In 2006 David Milch (Creator of Deadwood, NYPD blue) gave a talk at the MIT Great Writers series. His take on war as a media spectacle of the powers that be is very illuminating. Especially, since in the last 13 years nothing has changed. Quite the opposite, the spectacle is now raging on social media and has turned the once passive consumers into active conspirators. Which only proves that posting, commenting, sharing of tweets and soundbites serves no other purpose than keeping the majority of the public occupied to refrain from critical thinking. MiC

Transcribed from the video:

“I think the war in Iraq has ever so much more to do with the media’s abdication of its moral responsibilities than with the deficiencies of our president. The media has infantilized the expectations of the audience, because of the lack of some sort of trancendent informing vision. The surrogate existence provided by television has come to supplant the genuine emotional life of the populace.

“I believe therefore that the reason that I have chosen not to do anymore contemporary drama is because the assault on the collective sensibility of 9/11 was such to give the audience so much fear that the only way that could be placated was with a television series, a mini-series which would be finished in three weeks, and which would tell them that: you do not have to fear danger here, because we are going to take the war over there.

The rationale for that war had nothing to do with weapons of mass destruction and everything to do with the habituation of the viewing public to the shaping of human experience in distorted forms, for which the media is responsible.

“So that the first three weeks of the Iraq-miniseries was received enormous public approval, because it was the series that we wanted to see. And it was the triumph of America weaponry, and it had a beginning, a middle and an end. The disaffection with the Iraq war has nothing to do with what is going on with the Iraqi people and everything to do with the fact that that series is over, we don’t want to see that series anymore.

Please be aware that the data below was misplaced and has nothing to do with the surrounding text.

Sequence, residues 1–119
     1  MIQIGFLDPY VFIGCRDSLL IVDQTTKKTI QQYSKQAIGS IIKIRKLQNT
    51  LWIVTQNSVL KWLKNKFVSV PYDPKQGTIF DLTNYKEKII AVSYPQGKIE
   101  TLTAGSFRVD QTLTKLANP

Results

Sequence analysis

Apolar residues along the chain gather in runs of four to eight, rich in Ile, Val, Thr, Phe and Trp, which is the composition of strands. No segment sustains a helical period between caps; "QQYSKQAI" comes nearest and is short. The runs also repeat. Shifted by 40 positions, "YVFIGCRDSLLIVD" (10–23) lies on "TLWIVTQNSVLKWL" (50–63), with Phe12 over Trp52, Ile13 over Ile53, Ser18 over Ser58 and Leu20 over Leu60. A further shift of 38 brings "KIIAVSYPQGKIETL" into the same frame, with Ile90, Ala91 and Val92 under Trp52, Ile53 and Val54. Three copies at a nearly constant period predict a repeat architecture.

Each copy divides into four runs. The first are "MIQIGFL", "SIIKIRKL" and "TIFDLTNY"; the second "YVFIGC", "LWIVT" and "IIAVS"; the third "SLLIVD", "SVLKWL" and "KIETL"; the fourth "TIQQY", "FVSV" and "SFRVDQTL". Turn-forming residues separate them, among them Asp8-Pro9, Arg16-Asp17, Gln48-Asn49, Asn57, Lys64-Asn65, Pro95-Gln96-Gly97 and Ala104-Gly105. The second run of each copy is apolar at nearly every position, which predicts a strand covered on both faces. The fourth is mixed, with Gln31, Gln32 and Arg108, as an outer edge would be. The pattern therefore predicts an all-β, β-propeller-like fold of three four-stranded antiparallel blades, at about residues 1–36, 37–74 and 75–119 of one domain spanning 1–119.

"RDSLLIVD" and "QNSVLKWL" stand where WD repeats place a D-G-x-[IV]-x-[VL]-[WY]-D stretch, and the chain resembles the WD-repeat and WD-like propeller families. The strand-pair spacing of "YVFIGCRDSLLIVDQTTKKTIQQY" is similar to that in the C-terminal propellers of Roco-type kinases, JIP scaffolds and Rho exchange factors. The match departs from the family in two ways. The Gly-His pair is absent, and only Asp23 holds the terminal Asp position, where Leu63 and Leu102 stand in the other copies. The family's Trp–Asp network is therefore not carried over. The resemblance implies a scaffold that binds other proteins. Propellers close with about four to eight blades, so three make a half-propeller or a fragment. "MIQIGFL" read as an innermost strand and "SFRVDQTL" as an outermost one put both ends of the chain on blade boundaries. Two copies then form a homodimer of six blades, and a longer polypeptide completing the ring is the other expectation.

We wanted to be narcotized in our reaction to the assault on the world trade center. We got what we were looking for.

“Don’t be bothering us anymore with the god damn roadside bombs. Bring the boys home. Well the boys were never gonna come home after three weeks. War isn’t like that.

It was a war undertaken for the wrong reasons, and responded to for reasons the public has absolutely no conception about.

It is a different drama enacting itself in our country right now, and it has to do with a to acknowledge the necessary moral and imaginative predicate in what has become an entirely virtual existence. People spend more than half their waking hours watching television. That has to shape the neural pathways. It creates an impatience for example with irresolution.

(N.B. The only question remaining: How much and how fast does the smartphone change the neural pathways of the young generation? MiC)



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